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When I stretch a rubber band, the fibers straighten out causing lesser randomness and more order. This should imply the entropy of the rubber band has decreased, but how does the entropy of the whole universe increase here? Does this mean a rubber band gets colder on stretching? I have seen an experiment where it gets hotter. Doesn't entropy of the whole universe increase only in spontaneous processes? Here I have to pull it hence its not spontaneous? In a nutshell, I'm really confused.

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You are treating the rubber band as an isolated system when in fact you are acting upon it. The entropy increase occurs in your body as glucose is oxidize into water and carbon dioxide to produce the energy needed for your muscles to contract to stretch the rubber band.

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The force you are exerting on the rubber to stretch it is in the same direction as the displacement. So you are doing positive work on the rubber, and it is doing negative work on you (its surroundings). So, from the first law of thermodynamics, if the process is adiabatic, the internal energy of the rubber is increasing. The internal energy of rubber is known from observations to be nearly a function only of temperature. So, when you stretch the rubber adiabatically, its temperature should rise. For an adiabatic reversible process, the change in entropy of the system has to be zero. So the decrease in configurational entropy of the rubber must be offset by the increase in entropy resulting from the rise in temperature.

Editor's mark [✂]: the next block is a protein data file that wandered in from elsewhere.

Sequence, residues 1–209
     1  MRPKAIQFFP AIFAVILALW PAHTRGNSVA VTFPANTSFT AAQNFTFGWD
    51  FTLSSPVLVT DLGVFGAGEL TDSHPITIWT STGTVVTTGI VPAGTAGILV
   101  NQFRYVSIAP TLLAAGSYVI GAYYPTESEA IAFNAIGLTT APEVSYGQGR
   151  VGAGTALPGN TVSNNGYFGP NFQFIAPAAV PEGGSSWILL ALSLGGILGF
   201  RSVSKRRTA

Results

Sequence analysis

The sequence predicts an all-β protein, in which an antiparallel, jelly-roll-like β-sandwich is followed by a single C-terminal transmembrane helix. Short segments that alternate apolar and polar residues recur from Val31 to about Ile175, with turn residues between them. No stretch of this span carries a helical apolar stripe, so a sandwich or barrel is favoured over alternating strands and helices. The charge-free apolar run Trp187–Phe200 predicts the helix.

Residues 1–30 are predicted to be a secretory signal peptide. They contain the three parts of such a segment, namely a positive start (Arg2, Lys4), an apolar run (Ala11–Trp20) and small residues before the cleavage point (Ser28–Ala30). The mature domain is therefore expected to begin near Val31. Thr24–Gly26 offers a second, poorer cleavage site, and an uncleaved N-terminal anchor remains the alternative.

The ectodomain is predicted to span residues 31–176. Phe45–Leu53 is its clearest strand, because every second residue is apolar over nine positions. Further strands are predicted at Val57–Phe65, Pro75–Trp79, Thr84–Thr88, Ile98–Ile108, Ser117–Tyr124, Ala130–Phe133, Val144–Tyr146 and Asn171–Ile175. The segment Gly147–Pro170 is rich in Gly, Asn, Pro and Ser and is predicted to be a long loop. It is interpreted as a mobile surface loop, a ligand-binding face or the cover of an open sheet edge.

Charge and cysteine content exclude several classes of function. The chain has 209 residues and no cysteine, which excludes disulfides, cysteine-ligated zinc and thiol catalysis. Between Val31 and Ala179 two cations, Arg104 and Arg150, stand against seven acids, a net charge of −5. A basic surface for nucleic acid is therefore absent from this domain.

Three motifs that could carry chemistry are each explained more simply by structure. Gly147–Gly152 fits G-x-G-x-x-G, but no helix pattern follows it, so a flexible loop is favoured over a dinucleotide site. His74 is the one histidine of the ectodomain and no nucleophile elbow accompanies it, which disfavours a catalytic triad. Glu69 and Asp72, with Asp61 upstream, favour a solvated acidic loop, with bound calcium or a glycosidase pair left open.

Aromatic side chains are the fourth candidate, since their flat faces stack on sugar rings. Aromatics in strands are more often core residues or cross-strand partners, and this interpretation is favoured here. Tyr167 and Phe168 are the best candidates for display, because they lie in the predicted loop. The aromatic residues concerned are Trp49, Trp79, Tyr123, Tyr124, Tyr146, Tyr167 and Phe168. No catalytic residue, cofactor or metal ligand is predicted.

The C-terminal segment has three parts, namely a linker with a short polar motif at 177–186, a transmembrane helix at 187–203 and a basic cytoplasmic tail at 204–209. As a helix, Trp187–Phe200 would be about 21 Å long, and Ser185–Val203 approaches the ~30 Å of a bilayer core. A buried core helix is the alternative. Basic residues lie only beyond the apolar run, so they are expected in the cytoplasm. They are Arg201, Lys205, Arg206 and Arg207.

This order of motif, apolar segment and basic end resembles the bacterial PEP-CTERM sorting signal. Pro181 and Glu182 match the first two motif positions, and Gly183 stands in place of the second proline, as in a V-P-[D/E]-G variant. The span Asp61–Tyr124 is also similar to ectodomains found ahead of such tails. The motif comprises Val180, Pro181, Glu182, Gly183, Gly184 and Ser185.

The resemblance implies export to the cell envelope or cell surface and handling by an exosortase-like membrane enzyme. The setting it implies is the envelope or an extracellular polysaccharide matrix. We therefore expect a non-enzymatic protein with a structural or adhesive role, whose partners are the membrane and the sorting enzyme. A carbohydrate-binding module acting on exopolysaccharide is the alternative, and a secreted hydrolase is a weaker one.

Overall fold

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Let $L$ denote the length of the substance then you can always write

$$\left ( \frac{\partial T}{\partial L} \right )_{S} = - \left ( \frac{\partial T}{\partial S} \right )_{L} \left ( \frac{\partial S}{\partial L} \right )_{T}$$

The term $\left ( \frac{\partial T}{\partial S} \right )_{L} $ is always positive for being the reciprocal of the heat capacity per unit temperature. Thus $\left ( \frac{\partial T}{\partial L} \right )_{S}$ is positive or negative whether $\left ( \frac{\partial S}{\partial L} \right )_{T}$ is negative or positive. Therefore, if entropy decreases upon isothermal stretching then the temperature must increase during adiabatic stretching.

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